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Fourth Degree Burglary in Maryland

Arrested for fourth degree burglary in Maryland?  Contact Albers & Associates to schedule a free consultation.  Remember, the State’s Attorney’s Office has the burden of proof beyond a reasonable doubt when you are charged with fourth degree burglary in Maryland.  Recently, I tried a case in Baltimore City where my client was charged with fourth degree burglary and conspiracy to commit fourth degree burglary.  The court granted my motion for judgment of acquittal after the Assistant State’s Attorney’s evidence, because the State failed to prove a key element of fourth degree burglary: breaking.

What are the elements of Fourth Degree Burglary in Maryland?

According to the Maryland Criminal Law Statue § 6-205, fourth degree burglary is defined as:

Prohibited – Breaking and entering dwelling

(a) A person may not break and enter the dwelling of another.

There are three elements of fourth degree burglary: (1) breaking, (2) entering, (3) dwelling of another.  So, the State’s Attorney’s Office must prove that the defendant committed a breaking, entering, and dwelling of another.  If one of the elements is missing, or unproven by the prosecutor beyond a reasonable doubt, then the State’s Attorney’s Office cannot prove its case against you.

In my Baltimore City case, I identified the “breaking” element as missing in the State’s case and moved for a judgment of acquittal after the State’s evidence.

What is the definition of “breaking” in Fourth Degree Burglary?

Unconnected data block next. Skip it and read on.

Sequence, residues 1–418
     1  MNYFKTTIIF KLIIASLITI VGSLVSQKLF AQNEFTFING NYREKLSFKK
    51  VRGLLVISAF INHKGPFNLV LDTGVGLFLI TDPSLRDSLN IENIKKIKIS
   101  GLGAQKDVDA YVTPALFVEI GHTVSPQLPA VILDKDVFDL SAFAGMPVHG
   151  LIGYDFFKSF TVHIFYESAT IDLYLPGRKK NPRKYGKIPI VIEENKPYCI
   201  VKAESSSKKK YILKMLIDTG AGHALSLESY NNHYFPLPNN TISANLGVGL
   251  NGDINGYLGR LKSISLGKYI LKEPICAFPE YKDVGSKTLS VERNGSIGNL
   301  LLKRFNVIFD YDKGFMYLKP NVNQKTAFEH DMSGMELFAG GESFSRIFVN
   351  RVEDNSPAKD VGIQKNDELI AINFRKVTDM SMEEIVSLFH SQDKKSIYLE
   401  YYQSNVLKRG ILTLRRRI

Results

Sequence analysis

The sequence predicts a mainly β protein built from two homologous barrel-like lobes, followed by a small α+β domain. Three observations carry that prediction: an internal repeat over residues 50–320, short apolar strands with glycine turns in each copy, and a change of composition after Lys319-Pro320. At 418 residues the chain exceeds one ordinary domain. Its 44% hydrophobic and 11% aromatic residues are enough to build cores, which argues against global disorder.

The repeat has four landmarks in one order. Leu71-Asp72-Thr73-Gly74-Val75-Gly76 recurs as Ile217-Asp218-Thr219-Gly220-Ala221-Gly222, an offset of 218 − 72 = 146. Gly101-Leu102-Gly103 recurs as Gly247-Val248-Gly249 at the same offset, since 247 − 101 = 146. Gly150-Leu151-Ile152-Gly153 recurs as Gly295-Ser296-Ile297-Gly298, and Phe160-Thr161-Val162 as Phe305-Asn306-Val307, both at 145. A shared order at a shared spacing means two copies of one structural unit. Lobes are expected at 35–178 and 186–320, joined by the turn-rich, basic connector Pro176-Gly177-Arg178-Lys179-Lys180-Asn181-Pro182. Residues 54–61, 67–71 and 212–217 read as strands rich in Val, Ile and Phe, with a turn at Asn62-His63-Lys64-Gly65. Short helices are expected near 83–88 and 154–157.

Breaking is an essential element of burglary.  One cannot be guilty of fourth degree burglary if found to be not guilty of the breaking.  A breaking occurs where there has been either an actual breaking or a constructive breaking.  Actual breaking occurs where physical force is applied.  An actual “breaking” may be made by opening a closed but unlocked door or by loosening, removing, or displacing any covering or fastening of the premises, such as lifting a latch, drawing a bolt, or raising an unfastened window.  Constructive breaking involves entry gained by artifice, fraud, conspiracy, or threat.

At common law, “breaking” requires a break of the dwelling by trespass and not simply an entrance by mere trespass.  Thus, “breaking” does not include an entrance through an open door or window or an entrance by a person having authority to do so at that particular time.

Herein lied the problem for the State’s Attorney’s Office in my client’s case.  The prosecutor could not produce any evidence or testimony they my client actually broke into the building, or tricked their way into the building.  While my client was likely guilty of trespassing, for some reason the State’s Attorney’s Office did not charge my client with trespassing.

Contact Westminster Maryland Criminal Defense Attorney Ross W. Albers to Schedule a Free Consultation

Albers & Associates is located in Westminster, Maryland.  Carroll County Criminal Defense Attorney Ross W. Albers is a former Baltimore City prosecutor.  If you have been charge with fourth degree burglary in Maryland, then contact Albers & Associates to schedule a free consultation today!

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